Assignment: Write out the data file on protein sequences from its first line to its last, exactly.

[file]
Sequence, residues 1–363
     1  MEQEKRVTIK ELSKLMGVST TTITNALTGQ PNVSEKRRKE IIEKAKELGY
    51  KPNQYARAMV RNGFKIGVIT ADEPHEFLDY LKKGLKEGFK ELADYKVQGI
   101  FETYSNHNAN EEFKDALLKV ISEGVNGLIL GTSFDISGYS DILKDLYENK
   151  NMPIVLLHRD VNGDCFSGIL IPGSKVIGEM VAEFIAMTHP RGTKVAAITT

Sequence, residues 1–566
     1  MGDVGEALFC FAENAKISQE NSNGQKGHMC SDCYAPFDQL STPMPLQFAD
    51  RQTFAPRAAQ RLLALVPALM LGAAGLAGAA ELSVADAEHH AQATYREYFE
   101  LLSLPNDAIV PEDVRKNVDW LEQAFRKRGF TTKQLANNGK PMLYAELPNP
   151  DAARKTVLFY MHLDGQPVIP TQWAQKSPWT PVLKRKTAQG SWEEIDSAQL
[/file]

Sequence, residues 1–363
     1  MEQEKRVTIK ELSKLMGVST TTITNALTGQ PNVSEKRRKE IIEKAKELGY
    51  KPNQYARAMV RNGFKIGVIT ADEPHEFLDY LKKGLKEGFK ELADYKVQGI
   101  FETYSNHNAN EEFKDALLKV ISEGVNGLIL GTSFDISGYS DILKDLYENK
   151  NMPIVLLHRD VNGDCFSGIL IPGSKVIGEM VAEFIAMTHP RGTKVAAITT

Sequence, residues 1–566
     1  MGDVGEALFC FAENAKISQE NSNGQKGHMC SDCYAPFDQL STPMPLQFAD
    51  RQTFAPRAAQ RLLALVPALM LGAAGLAGAA ELSVADAEHH AQATYREYFE
   101  LLSLPNDAIV PEDVRKNVDW LEQAFRKRGF TTKQLANNGK PMLYAELPNP
   151  DAARKTVLFY MHLDGQPVIP TQWAQKSPWT PVLKRKTAQG SWEEIDSAQL